Wednesday, 30 December 2009

Beyond the fairy tale nativity.

This Christmas I have been challenged by going beyond the "fairy tale" nativity and considering what was going on some 2000 years ago. The Victorians did a "good" job at giving us a Christmas card story, but as you dig deeper you realise that the real story is far from meek and mild.

Mary, a teenager is pregnant out of wedlock and risks being stoned to death as a result. She has to make a long journey throughout probably one of the most volatile areas of the world to a town which remains as volatile today as ever. "O Little town of Bethlehem, How still we see thee lie" - Yeah right!
And then we get the somewhat romantic mills and boon picture of Jesus being born in a stable (resembling a flat pack shed from B & Q) with a nice wooden manger filled with golden hay, and "Little Lord Jesus, No crying he makes" - Whatever! The reality is Jesus was probably born in a cellar or cave below the house or hotel and others who couldn't afford to stay in the main rooms would likely be down there too. This means that Jesus would not have been born round the corner in a shed occupied only by his family and a few "lowing" cows, but amongst the everyday people (and their animals). Immanuel - God with us!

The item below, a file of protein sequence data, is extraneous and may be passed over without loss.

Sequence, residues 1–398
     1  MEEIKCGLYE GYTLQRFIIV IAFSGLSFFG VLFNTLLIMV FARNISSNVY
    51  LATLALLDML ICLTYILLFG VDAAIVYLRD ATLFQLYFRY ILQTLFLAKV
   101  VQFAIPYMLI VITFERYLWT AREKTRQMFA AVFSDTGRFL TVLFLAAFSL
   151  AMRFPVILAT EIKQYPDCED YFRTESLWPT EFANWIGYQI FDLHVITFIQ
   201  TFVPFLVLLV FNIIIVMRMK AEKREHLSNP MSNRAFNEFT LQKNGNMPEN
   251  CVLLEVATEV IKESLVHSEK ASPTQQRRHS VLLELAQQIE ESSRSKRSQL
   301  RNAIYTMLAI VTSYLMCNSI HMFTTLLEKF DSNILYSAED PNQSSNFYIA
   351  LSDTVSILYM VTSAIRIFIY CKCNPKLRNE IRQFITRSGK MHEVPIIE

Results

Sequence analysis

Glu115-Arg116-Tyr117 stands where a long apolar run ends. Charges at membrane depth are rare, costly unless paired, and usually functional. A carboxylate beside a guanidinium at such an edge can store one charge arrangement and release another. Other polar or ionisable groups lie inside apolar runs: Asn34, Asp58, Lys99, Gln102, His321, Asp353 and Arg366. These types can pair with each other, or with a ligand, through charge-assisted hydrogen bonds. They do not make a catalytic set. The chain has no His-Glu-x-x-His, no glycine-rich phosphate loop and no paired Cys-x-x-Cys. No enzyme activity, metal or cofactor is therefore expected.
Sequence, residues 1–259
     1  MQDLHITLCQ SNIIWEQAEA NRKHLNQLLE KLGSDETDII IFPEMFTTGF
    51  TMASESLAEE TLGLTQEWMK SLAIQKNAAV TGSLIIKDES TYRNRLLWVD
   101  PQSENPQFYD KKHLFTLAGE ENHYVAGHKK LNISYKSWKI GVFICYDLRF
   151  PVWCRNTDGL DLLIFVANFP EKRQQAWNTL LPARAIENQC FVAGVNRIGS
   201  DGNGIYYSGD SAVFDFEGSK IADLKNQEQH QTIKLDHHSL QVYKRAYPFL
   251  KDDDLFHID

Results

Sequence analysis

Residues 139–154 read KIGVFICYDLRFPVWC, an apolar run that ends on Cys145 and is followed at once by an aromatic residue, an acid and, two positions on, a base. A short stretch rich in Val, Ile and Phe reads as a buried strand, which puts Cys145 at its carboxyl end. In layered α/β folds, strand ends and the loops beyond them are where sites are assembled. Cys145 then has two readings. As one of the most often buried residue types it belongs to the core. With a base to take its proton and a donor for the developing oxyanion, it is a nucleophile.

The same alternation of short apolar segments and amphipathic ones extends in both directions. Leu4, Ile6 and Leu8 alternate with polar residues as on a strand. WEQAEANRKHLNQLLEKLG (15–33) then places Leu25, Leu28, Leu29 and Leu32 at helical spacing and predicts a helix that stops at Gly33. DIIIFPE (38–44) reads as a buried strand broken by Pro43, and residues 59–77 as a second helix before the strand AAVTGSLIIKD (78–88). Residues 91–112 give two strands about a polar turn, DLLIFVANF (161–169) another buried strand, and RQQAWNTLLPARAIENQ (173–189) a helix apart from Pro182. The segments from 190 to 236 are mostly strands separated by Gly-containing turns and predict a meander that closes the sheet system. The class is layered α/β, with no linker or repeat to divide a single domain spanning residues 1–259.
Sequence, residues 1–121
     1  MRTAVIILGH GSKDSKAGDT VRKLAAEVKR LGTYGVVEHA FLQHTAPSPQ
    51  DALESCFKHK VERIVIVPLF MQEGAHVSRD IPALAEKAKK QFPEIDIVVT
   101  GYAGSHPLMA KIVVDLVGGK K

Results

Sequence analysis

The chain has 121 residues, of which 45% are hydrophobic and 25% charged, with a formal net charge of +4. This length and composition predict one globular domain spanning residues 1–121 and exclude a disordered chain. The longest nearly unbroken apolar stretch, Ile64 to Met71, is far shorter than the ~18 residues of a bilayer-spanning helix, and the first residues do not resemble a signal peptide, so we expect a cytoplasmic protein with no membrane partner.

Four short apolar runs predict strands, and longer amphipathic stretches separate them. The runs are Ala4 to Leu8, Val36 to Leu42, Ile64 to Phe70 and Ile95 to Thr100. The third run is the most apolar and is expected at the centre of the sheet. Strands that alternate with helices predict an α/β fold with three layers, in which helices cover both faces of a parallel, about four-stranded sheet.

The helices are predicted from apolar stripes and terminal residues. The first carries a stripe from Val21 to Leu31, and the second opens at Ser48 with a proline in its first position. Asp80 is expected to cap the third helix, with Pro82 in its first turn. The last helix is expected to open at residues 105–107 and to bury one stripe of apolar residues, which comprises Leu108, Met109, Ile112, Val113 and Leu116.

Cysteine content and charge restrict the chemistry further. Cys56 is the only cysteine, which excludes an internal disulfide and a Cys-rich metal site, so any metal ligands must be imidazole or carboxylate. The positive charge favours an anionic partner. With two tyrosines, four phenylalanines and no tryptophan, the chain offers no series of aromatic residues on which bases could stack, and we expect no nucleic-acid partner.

But then comes the bit that we don't see on Christmas cards. The mass slaughter of thousands of boy babies. Funny we also don't see on cards, Mary and Joseph fleeing for there lives and more significantly for the life of their son and seeking asylum in Egypt.

Then there are the visitors to consider - Shepherds, tough but low paid workers and Astrologers looking for the future in the stars! - This just doesn't fit too well with Western Christianity so how about we sanitise it by calling them Kings or Wise Men?

The Christmas story was I suggest very different to the nativity crib scene story we often get today, but at Christmas people don't want to hear of teenage mums at risk of being stoned, dangerous journeys through volatile lands, Jesus being born in a crowded cellar or cave, God revealing himself to minimum wage shepherds and those seeking the future in the stars. They don't want to hear about the mass slaughter of baby boys and the young holy family fleeing for their lives and becoming asylum seekers in foreign lands. Or do they? Maybe the real story would be more compelling, encouraging and understanding to our world but we may just need to ditch a few carols in the process!